USF Teacher of the Year puts face blindness into national focus

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In her classes at the University of South Florida, Dr. Heather Sellers challenges her students in creative writing.

The students are also helping Sellers, who is dealing with her own challenge.

She has a rare neurological condition known as face blindness.

"Face blindness is a condition that affects probably 5 % of the population some people much more severely than others I have a very severe case. I'm not able to recognize my fellow humans by face", explained Dr. Sellers.

Her students wear name tags to class so their professor can easily point them out.

"The students are amazing", said Sellers. "They tell me who they are when they come by my office".

While face blindness sounds like it would be a vision problem, Dr. Sellers said that isn't the case.

"Face blindness is a processing disorder so in your brain you'll see the face come in and your memory knows every face you've seen before and it will make a match. My brain can't do that. It's a hardware problem. It's a memory problem", said Dr. Sellers.

A problem she's had since childhood.

"I always knew something was wrong when I was a kid I couldn't recognize my classmates. I had trouble recognizing my mother in the pickup line. I couldn't recognize my teachers reliably", said Dr. Sellers.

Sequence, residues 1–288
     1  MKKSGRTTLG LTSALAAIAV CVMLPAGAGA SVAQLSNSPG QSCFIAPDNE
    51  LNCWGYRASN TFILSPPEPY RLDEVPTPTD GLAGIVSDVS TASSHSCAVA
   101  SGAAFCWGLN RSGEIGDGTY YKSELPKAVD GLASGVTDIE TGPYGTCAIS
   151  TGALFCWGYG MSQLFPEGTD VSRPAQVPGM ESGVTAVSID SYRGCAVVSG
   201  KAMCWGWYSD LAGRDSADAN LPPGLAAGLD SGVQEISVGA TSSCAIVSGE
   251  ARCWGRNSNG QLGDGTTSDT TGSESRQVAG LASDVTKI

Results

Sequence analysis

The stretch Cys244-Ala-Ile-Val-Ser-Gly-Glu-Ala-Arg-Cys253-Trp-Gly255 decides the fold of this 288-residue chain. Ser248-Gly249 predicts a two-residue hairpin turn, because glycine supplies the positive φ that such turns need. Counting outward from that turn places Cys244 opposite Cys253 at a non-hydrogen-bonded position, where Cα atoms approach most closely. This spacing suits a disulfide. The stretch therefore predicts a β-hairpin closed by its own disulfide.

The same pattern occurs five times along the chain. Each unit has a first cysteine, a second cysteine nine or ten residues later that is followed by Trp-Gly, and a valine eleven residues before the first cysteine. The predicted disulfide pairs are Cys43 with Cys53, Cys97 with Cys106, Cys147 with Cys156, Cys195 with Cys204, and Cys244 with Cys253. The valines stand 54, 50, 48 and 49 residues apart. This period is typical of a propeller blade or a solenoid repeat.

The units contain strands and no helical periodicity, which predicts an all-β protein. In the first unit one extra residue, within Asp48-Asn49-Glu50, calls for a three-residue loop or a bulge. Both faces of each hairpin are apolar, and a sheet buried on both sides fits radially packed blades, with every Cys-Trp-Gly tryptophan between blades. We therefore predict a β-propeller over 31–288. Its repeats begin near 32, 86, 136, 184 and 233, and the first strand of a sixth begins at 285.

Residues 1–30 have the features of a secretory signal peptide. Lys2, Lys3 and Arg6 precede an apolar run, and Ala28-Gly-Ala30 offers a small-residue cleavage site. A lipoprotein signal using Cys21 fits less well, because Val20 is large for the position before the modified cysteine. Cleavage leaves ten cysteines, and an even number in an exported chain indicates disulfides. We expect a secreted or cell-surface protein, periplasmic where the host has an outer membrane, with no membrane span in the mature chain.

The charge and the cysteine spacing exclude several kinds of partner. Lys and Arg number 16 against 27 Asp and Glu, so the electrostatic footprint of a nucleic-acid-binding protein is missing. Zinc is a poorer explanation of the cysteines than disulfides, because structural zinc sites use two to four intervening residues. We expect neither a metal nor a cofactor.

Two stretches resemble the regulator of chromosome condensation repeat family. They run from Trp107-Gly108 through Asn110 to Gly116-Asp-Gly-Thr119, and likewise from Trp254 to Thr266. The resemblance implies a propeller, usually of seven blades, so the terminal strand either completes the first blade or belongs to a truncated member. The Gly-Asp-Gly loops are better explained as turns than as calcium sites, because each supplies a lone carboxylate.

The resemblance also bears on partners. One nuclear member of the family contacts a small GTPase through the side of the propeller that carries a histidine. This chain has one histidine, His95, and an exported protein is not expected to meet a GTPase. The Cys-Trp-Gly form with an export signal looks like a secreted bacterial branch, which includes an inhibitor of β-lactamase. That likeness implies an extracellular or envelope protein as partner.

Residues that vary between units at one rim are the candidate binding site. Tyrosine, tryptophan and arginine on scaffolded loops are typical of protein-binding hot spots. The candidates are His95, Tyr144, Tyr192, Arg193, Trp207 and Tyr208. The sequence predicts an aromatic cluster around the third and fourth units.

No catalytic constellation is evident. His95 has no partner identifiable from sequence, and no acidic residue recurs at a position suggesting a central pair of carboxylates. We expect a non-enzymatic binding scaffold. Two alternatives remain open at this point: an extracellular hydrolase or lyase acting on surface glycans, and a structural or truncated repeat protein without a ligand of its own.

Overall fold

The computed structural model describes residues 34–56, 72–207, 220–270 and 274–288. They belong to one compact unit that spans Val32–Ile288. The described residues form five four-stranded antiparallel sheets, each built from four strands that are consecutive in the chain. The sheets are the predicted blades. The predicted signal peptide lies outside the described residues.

"When I was married I didn't recognize my husband. I would go up to the wrong man at a grocery store".

Sellers couldn't pinpoint the issue until later in life.

"I knew something was wrong. I had no idea what it was until I stumbled on those two words face recognition  just by chance in a psychology textbook", said Dr. Sellers.

She said she isn't certain what caused her face blindness, but she's hoping to be instrumental in the cure. 

"I was part of a research study at Rockefeller University. they are close to finding treatment", said Dr. Sellers.

She has become a nationally renowned author on the subject. She penned the memoir "You don't look like anyone I know".

"One of my friends calls me the face of face blindness", she joked.

Diagnosing the problem can be tricky.

"The most common way it manifests would be watching TV or movies. If your partner or your kid isn't able to track the characters in a show. Cop shows and hospital shows are the most difficult because everyone is in a uniform", said Dr. Sellers.

While face blindness may sound frustrating and difficult to deal with, Sellers sees the silver lining. 

"I love my disorder. For me it's been like this great Zen teacher. It's forced me to interact with my fellow humans in an authentic way. I'm all for it, I really do like it", said Dr. Sellers.

For more information on face blindness, go to